With this atrocious toast scarcely uttered, poor little trusting Butterfly is heard in the distance with her bridesmaids, singing as they approach. A delirium of joy breathes through this song, which is a weird succession of Oriental intervals, strange as an opium dream. As the harmonies grow firmer, Butterfly's voice rings out above the others, while in the orchestra the conductor with his baton slowly unearths, like a buried diamond, the great love-theme of the opera. It beams forth in sultry splendor, a cluster of chords with imprisoned tones that flash forth unlooked-for harmonies.

At last she enters—this Japanese heroine, her brilliant draperies as bright as her name. Her maidens all carry huge paper parasols and fluttering fans—a merry group of girls, filled with varied emotions of timidity, envy, curiosity, and fun. They courtesy, and smile, and sing, and sigh, and lower their eyes with knowing charm.

Throughout this scene it is interesting to note the different themes and their consistent use. A phrase of the opening fugue invariably appears whenever the house is mentioned; still another architectural motif protrudes into prominence every time the town Nagasaki is referred to. Susuki has a theme of her own; so has the Consul. When the relations of the bride troop in, we recognize the fact that they, too, have a theme ; we learned it when Goro, some time back, was enumerating the expected guests.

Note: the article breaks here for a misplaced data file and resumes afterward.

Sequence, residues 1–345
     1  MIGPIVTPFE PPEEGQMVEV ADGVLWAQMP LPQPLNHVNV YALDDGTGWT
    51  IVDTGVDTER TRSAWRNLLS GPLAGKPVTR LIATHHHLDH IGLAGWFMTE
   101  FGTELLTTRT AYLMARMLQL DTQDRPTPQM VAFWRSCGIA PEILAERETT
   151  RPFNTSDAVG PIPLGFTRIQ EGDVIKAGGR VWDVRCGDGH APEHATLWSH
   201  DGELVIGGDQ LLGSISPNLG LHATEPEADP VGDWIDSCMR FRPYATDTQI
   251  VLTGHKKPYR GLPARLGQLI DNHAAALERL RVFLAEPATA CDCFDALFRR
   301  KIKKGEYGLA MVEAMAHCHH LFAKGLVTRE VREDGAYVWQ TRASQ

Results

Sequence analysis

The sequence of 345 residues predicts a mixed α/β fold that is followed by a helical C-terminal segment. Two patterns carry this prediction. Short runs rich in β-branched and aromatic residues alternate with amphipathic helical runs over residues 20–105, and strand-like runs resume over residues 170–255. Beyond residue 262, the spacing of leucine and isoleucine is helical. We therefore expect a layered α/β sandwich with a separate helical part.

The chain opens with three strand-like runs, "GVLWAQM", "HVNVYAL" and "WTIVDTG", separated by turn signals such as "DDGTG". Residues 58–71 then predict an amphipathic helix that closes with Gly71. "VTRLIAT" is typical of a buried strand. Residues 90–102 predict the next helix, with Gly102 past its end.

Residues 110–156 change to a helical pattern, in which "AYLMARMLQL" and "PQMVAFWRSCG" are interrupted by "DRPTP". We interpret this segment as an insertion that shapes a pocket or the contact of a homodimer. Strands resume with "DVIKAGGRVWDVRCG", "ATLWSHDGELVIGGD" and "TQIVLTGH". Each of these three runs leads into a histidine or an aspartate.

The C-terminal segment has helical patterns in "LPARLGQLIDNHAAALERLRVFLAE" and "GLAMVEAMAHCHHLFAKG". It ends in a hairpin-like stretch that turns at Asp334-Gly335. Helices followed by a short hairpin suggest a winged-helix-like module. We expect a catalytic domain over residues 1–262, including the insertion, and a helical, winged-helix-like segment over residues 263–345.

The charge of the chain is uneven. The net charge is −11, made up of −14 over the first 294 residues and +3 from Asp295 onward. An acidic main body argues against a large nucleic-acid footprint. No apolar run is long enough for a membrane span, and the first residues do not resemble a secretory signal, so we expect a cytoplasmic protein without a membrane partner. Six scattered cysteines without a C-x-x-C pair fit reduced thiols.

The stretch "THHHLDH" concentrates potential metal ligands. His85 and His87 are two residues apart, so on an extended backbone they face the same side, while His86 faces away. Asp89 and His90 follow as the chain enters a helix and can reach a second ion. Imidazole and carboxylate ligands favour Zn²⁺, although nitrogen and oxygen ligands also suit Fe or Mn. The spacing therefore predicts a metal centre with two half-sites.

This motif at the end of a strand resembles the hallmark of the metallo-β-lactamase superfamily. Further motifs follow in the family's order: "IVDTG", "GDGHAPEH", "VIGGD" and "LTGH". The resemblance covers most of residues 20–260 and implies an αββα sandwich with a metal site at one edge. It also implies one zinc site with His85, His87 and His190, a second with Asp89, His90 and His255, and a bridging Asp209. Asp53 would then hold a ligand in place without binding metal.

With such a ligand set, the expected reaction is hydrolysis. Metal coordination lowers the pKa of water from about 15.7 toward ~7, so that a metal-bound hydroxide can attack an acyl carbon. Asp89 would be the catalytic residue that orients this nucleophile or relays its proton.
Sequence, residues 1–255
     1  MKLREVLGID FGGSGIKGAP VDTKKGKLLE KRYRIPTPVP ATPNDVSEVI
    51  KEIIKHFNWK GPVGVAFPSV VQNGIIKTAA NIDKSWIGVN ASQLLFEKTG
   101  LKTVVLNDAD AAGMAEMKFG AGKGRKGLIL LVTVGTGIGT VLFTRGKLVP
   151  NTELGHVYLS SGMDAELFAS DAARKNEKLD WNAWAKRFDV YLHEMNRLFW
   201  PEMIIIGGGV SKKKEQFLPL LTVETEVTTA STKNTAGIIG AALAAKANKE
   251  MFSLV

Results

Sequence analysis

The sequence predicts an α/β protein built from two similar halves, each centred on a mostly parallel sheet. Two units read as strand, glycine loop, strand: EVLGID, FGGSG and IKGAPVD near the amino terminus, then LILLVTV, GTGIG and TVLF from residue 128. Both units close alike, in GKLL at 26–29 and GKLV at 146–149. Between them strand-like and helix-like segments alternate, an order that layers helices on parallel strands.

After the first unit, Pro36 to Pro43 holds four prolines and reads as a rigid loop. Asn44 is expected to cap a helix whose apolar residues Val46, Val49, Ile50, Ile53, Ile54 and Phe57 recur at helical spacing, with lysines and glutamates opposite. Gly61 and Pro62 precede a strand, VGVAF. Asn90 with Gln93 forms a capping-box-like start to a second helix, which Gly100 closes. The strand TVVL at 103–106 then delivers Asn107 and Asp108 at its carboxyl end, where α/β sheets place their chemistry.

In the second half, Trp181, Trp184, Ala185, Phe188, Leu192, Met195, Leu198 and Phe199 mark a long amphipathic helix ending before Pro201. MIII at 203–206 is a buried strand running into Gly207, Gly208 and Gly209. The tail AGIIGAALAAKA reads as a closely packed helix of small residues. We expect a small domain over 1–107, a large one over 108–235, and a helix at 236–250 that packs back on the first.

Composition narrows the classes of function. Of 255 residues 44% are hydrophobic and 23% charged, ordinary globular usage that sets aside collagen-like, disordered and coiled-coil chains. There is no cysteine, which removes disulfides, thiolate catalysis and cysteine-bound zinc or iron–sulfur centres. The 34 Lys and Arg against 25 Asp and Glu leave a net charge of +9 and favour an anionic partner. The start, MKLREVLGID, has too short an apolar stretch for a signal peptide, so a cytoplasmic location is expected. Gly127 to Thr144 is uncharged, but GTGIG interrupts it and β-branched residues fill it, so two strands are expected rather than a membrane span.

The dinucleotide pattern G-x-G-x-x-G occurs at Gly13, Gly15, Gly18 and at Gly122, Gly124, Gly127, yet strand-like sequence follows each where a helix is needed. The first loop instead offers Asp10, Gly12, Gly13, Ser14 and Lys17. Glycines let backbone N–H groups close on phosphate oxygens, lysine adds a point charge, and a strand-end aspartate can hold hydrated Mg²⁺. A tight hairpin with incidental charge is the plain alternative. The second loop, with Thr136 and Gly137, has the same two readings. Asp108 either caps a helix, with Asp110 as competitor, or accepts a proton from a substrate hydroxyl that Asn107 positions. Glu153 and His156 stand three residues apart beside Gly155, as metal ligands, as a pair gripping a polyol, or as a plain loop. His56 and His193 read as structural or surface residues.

This theme now asserts itself in the orchestra as the grotesque company assembles. There is nothing great about this melody : it is a mincing, thin-bodied affair, but disports itself with much confidence during its little hour of importance; it shoves out every other theme from the orchestra and demands undivided attention. But at last the director's stick chases it out of the enclosure.

The guests in the meantime have been gossiping among themselves, disparaging the bride, criticizing the groom—and partaking of his refreshments.

All flats and sharps and accidentals are suddenly dropt from the score when the official registrar reads in monotone voice, and plain C major, the simple marriage form.

The ceremony is soon over, but the guests linger on. Pinkerton plies them with wine, but makes little headway in hurrying the festivities to an end. He has grown heartily tired of these new relations, and longs to see them go, but, instead of any one leaving, another one suddenly arrives, an absent uncle, who plunges amongst them in a frenzy of wrath and excite-ment. He has learned at the American Mission that Butterfly, without telling her family, has changed her religion and cast off the faith of her fathers.